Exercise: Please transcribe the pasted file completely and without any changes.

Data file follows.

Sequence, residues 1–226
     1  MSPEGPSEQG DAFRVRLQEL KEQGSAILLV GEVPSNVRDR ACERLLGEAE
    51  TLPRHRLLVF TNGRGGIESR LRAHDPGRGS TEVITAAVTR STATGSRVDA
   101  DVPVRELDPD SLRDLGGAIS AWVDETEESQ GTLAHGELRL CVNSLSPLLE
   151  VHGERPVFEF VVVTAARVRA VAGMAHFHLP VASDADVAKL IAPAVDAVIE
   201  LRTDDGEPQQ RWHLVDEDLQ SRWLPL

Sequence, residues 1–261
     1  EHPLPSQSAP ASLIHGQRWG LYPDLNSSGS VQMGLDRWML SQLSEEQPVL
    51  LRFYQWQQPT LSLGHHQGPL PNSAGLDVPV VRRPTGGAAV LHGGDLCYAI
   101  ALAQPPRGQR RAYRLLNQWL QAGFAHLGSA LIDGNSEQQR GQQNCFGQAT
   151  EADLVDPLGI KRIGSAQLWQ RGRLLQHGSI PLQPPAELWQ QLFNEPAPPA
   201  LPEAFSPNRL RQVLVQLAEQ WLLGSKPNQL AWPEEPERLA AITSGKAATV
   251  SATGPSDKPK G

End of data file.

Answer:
Sequence, residues 1–226
     1  MSPEGPSEQG DAFRVRLQEL KEQGSAILLV GEVPSNVRDR ACERLLGEAE
    51  TLPRHRLLVF TNGRGGIESR LRAHDPGRGS TEVITAAVTR STATGSRVDA
   101  DVPVRELDPD SLRDLGGAIS AWVDETEESQ GTLAHGELRL CVNSLSPLLE
   151  VHGERPVFEF VVVTAARVRA VAGMAHFHLP VASDADVAKL IAPAVDAVIE
   201  LRTDDGEPQQ RWHLVDEDLQ SRWLPL

Sequence, residues 1–261
     1  EHPLPSQSAP ASLIHGQRWG LYPDLNSSGS VQMGLDRWML SQLSEEQPVL
    51  LRFYQWQQPT LSLGHHQGPL PNSAGLDVPV VRRPTGGAAV LHGGDLCYAI
   101  ALAQPPRGQR RAYRLLNQWL QAGFAHLGSA LIDGNSEQQR GQQNCFGQAT
   151  EADLVDPLGI KRIGSAQLWQ RGRLLQHGSI PLQPPAELWQ QLFNEPAPPA
   201  LPEAFSPNRL RQVLVQLAEQ WLLGSKPNQL AWPEEPERLA AITSGKAATV
   251  SATGPSDKPK G